Cycling Rules In Melbourne

Cycling is a fantastic way to get around the city, keep fit, and lower your carbon footprint.

With the climate crisis threatening millions, more and more people are trying to find the most environmentally friendly ways to go about their lives, and cycling is one of the most effective ways to keep you and the planet healthy.

Many cities around the world have adapted to meet the needs of the growing population of cyclists, including Melbourne.

Did you know that the city of Melbourne has a cycling network that includes over 135km of on and off-road routes.

However, with that comes some important rules for cyclists that need to be followed in order to keep traffic flowing, but most importantly to keep you safe.

Before You Ride

Before you even get on your bike, you need to make sure that you have all of the right equipment and general knowledge to ensure that you’re going to be sensible and safe on the cycle paths and roads.

First of all, the law requires you to have working breaks, a bell, and lights.

Every bike must have at least one working brake, either front or back (though both is best), and a bell – or a horn, or something that makes noise to alert other cyclists, pedestrians, or drivers to your presence.

As well as that you must have several lights so that you can ride safely at night or in bad weather.

These lights include:

A white light on the front of your bike that is visible from 200 metres
A red light on the back of your bike that is visible from 200 metres
A red reflector on the back of your bike that is visible from 50 metres.

The Right Helmet

Cycling Rules In Melbourne

It is also required that you and any passengers that you might have on your bike are wearing a properly fitted and fastened helmet.

This helmet must be up to code and meet the Australian safety standard AS/NZS2063 – which can be found online.

There are some exceptional circumstances in which a doctor can authorise you to ride without a helmet for medical reasons.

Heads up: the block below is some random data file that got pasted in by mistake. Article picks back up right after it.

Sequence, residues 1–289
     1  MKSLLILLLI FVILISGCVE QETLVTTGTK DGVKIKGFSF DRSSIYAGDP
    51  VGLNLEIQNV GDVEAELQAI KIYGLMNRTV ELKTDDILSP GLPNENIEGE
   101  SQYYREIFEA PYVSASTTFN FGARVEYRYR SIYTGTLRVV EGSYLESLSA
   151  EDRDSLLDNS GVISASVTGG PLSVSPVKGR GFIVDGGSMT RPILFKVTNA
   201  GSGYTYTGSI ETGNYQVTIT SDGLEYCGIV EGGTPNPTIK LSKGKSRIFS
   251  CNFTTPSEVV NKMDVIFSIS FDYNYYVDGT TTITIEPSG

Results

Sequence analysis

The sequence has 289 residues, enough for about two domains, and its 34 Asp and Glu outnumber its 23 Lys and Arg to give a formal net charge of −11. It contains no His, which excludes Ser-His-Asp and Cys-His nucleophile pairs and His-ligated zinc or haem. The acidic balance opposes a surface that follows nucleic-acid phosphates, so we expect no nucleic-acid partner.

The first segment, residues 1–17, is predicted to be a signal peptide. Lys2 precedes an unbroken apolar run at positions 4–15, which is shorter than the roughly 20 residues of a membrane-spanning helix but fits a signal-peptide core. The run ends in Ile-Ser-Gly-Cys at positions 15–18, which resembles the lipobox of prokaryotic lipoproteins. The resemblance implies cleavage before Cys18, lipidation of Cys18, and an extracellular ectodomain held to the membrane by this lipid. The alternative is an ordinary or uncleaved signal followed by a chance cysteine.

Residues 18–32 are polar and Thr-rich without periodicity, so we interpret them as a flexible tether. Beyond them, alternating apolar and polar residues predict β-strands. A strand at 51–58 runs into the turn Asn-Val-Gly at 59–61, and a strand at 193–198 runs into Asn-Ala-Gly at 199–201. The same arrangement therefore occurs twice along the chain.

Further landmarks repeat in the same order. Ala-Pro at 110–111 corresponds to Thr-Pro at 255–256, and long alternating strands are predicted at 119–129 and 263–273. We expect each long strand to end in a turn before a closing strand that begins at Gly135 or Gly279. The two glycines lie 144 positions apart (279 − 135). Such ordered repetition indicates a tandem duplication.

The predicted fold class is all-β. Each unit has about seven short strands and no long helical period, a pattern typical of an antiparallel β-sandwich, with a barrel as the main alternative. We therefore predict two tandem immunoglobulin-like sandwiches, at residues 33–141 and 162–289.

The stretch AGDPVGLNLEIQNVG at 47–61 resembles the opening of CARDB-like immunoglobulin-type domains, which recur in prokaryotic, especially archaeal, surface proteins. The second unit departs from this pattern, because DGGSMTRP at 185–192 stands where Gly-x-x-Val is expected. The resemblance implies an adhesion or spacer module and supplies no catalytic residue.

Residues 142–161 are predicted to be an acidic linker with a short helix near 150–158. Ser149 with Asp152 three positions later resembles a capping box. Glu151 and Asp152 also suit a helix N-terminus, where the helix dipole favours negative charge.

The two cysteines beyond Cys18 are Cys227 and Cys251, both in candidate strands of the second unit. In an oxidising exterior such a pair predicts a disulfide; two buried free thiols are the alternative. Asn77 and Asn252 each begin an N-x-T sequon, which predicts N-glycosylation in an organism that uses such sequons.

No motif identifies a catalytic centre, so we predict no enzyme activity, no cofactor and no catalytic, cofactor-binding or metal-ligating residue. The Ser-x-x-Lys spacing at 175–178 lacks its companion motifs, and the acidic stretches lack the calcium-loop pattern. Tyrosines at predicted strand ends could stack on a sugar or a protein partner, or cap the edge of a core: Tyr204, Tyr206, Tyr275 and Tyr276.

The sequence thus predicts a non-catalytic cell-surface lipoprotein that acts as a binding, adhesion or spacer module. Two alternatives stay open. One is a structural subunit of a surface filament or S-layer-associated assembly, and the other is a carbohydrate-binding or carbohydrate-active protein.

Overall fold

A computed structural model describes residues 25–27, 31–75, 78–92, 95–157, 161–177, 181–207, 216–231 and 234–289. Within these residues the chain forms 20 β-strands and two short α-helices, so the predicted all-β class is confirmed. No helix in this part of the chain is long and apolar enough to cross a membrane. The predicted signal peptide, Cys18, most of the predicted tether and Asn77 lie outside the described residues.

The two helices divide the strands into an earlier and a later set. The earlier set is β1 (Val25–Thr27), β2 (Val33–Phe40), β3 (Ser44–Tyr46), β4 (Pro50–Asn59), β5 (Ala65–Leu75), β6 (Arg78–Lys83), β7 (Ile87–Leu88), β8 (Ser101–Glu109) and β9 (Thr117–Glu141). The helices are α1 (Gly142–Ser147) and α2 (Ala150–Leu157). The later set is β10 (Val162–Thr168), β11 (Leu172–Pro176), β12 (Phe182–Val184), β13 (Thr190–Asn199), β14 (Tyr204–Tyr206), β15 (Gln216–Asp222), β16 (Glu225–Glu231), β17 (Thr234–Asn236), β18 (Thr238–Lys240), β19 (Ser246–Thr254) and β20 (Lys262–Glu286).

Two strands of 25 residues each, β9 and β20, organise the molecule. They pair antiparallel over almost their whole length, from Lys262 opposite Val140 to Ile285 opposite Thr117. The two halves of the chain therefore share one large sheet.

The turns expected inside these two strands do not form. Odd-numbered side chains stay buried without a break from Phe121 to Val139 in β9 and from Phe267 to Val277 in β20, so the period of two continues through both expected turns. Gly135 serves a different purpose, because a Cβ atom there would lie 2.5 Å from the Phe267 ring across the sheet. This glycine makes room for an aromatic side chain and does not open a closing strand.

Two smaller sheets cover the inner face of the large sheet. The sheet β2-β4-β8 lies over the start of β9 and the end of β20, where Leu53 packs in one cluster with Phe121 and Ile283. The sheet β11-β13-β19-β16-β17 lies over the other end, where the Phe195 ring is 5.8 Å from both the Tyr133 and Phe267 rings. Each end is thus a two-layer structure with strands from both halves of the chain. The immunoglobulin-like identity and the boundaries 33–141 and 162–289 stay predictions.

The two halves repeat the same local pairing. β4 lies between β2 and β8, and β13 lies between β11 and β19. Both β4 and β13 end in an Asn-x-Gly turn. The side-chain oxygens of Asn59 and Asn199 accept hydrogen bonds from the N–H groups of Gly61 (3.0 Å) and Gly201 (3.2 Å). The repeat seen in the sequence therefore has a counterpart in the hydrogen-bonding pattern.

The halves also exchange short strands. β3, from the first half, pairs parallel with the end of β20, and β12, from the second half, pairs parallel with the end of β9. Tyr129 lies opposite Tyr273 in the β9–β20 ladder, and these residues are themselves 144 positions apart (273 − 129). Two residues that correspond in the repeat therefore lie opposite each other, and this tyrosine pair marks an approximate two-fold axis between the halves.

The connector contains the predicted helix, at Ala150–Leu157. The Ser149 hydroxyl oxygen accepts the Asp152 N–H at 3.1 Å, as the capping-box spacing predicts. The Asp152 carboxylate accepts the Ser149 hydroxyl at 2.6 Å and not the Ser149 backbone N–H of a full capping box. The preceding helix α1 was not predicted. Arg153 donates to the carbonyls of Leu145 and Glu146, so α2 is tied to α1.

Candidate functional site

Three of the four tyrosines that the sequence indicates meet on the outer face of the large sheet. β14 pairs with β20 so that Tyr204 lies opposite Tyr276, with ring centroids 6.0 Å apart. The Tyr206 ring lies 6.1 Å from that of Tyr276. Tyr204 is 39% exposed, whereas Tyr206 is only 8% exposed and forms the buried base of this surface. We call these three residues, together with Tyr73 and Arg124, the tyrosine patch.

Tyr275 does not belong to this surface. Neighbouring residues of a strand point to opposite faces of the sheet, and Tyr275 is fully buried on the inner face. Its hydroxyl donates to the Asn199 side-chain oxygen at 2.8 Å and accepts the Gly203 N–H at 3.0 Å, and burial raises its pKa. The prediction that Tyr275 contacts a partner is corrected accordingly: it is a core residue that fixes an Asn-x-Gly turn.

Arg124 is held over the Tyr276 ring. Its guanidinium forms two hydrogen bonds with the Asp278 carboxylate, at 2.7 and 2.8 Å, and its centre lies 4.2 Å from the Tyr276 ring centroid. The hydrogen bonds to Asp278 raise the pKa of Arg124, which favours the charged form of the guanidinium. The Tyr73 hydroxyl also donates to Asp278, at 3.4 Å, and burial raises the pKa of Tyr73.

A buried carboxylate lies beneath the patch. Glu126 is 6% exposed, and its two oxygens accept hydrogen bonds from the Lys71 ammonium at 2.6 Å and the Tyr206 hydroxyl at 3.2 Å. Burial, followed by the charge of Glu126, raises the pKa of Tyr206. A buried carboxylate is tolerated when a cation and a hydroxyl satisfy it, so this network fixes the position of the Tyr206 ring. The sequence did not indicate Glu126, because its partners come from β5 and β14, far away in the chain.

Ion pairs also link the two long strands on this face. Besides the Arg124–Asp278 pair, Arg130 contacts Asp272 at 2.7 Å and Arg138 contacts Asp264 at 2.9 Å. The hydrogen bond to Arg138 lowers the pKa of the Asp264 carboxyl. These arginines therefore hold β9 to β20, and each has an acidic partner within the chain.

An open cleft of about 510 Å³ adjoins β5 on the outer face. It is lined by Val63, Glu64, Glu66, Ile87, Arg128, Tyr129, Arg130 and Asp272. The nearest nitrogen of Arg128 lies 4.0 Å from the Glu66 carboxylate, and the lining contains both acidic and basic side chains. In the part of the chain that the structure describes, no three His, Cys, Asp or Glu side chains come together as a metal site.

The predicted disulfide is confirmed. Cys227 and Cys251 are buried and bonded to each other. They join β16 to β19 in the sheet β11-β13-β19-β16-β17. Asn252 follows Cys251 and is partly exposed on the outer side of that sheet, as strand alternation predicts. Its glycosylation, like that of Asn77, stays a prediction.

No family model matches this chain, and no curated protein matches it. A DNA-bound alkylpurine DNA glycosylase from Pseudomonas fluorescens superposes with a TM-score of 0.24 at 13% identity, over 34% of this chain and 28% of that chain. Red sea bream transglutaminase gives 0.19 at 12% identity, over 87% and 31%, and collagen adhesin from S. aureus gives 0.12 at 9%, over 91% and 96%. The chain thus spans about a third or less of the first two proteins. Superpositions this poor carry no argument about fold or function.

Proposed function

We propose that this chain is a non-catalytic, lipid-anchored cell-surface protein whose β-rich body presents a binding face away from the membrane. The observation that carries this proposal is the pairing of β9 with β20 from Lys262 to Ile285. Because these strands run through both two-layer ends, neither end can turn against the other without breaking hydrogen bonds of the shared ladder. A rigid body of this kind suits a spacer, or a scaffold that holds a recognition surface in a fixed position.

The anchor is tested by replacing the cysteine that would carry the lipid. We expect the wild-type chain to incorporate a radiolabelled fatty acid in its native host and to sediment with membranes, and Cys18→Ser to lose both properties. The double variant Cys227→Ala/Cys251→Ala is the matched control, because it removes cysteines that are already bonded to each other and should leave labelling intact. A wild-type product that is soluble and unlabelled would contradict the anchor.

Or if a religious headdress makes wearing a helmet impractical then you will not be required to wear one.

However, you do need to take into consideration your own safety when deciding not to wear a helmet for these reasons.

Safety Tips

The recommended safety tips that have been published by the Victoria government are as follows.

These are not necessarily legal requirements but are the best way to stay safe whilst cycling, especially when cycling on the road.

Wear the right helmet

Check that your brakes, lights, and bell/horn is working properly

Be alert – stay aware of your surroundings

Be predictable, use hand signals where appropriate and don’t make sudden movements

Ride at a sensible speed, don’t try to keep up with the cars

Use your bell where and when necessary

Ride responsibly – don’t ride drunk or high

Don’t listen to music or use your phone so that you don’t get distracted

Do not respond to road rage. You’re not going to win in a fight against a car

Essential Road Rules

There are just about as many rules for a cyclist to follow as there are for motorists, all intended to keep you, your passengers, and the people around you safe for your whole journey.

With this in mind, here are the essential rules that you need to follow in order to ride responsibly.

Safe Riding

When you’re riding your bike, make sure that you are facing forwards at all times and have at least one hand on the handlebars.

This way you will always have control and know what is coming in front of you.

You also need to make sure that there is a safe distance between you and any traffic that is in front of you so that there is enough space to allow you to stop safely and with enough time in case the car in front of you needs to stop suddenly.